No reader will be surprised to learn that cloud service adoption has been skyrocketing in the last few years. According to the Cisco Global Cloud Index: Forecast and Methodology, 2016-2021 whitepaper, “by 2021, 94 percent of workloads and compute instances will be processed by cloud data centers; 6 percent will be processed by traditional data centers.” From the same report, one can spot another interesting statistic: “(…) traffic within the data center and traffic between data centers will represent 85 percent of total data center traffic by 2021, and traffic exiting the data center to the Internet or WAN will be only 15 percent of traffic associated with data centers.” As cloud companies provide more and more services to businesses, just like network traffic, end users will interact more and more with workloads and content hosted by cloud providers and less and less with on-premise resources.
And despite the handful of cloud-related data leaks and breaches that sometimes dominate the news cycle, the adoption of cloud services should actually make the Internet safer, in part by reducing the attack surface of enterprises. How? Let’s take a simple, real-life example: a bank looking for a way to back up user data from its website. The standard process would be to rent a server on-premise, configure it, run a database program on it – for example, PostgreSQL – and make the bank’s website communicate with it. Now, this kind of configuration comes with some immediate security considerations:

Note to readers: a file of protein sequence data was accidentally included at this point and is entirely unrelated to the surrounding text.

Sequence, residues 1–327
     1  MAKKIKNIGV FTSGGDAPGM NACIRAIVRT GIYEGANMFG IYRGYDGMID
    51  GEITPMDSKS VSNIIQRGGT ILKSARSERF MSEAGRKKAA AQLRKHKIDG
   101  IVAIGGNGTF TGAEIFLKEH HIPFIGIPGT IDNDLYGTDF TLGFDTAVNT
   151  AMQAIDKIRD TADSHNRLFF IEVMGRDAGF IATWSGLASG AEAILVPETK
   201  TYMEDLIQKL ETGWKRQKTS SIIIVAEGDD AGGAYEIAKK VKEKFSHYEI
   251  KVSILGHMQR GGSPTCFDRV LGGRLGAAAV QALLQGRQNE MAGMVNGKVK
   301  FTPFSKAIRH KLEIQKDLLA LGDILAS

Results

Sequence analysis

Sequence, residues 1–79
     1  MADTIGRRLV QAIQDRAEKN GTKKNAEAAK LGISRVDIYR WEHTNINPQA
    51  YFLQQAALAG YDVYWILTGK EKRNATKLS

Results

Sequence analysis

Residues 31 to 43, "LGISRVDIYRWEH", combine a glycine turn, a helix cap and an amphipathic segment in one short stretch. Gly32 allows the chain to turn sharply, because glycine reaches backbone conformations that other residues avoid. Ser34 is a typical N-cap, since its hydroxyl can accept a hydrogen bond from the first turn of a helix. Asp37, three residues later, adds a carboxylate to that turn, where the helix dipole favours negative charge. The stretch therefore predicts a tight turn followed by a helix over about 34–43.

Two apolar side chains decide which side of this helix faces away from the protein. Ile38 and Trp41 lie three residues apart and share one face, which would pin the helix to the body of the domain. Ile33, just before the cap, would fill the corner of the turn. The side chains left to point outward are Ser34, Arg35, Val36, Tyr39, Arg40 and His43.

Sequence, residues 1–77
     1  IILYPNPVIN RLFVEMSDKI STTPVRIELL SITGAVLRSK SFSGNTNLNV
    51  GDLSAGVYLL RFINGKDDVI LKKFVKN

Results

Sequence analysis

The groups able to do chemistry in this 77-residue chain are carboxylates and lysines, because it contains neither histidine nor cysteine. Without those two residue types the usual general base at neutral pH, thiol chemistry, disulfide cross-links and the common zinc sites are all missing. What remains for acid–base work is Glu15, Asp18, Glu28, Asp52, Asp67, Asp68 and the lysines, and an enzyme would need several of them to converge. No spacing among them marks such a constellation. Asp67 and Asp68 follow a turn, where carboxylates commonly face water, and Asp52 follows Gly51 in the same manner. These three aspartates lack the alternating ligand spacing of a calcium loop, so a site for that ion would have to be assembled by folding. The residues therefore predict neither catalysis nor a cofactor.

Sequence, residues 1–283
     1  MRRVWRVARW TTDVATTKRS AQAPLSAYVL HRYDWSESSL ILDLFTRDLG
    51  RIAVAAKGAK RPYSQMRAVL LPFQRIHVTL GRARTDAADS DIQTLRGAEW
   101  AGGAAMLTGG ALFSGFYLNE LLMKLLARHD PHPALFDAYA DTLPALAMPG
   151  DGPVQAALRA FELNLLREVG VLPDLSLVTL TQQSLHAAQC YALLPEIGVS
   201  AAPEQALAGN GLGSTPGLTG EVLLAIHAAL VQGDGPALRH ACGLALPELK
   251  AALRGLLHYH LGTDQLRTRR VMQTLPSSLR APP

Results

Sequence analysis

- Is the firewall correctly configured?
- Is PostgreSQL up-to-date security-wise?
- What about authentication?
Such security considerations are too often overlooked. As evidence, CybelAngel detects over 2 billion documents on wide-open, unsecured Rsync servers per week. We know that servers with manual configurations often turn human negligence into data leaks.
While enterprises often cite better scalability and improved cost management as the reasons for embracing cloud-based services and Infrastructure as a Service (IaaS), these solutions in themselves also provide extra security. Using a cloud provider’s packaged service often suppresses some of the risks of data exposure. For example, with Google Cloud SQL, PostgreSQL is automatically kept up-to-date, and most of the network security considerations are delegated to Google.
Cloud-based services adoption is rising over the years
Consider a company choosing a cloud-based, software as a service (SaaS) office productivity suite like Office 365 or Google Suite for document storage and sharing. Given the complexity of managing an Active Directory, delegating most of the responsibility of Identity Access Management (IAM) to the service provider reduces the attack surface on the company’s assets.